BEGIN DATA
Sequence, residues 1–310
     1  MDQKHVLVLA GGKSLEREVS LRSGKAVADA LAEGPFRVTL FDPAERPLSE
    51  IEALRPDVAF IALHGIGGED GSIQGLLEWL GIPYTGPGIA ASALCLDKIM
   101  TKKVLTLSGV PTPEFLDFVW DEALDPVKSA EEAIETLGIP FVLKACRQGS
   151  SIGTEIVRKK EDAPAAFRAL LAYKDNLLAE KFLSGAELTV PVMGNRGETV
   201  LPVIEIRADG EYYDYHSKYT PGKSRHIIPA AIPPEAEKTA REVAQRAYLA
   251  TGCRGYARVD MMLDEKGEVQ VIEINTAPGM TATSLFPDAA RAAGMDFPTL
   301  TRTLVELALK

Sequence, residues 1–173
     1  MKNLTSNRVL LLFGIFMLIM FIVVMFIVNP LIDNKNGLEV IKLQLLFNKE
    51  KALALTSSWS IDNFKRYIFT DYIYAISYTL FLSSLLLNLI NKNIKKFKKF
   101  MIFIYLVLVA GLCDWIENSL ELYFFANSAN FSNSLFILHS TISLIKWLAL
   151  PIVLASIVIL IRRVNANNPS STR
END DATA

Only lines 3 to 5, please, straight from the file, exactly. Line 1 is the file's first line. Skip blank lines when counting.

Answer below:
    51  IEALRPDVAF IALHGIGGED GSIQGLLEWL GIPYTGPGIA ASALCLDKIM
   101  TKKVLTLSGV PTPEFLDFVW DEALDPVKSA EEAIETLGIP FVLKACRQGS
   151  SIGTEIVRKK EDAPAAFRAL LAYKDNLLAE KFLSGAELTV PVMGNRGETV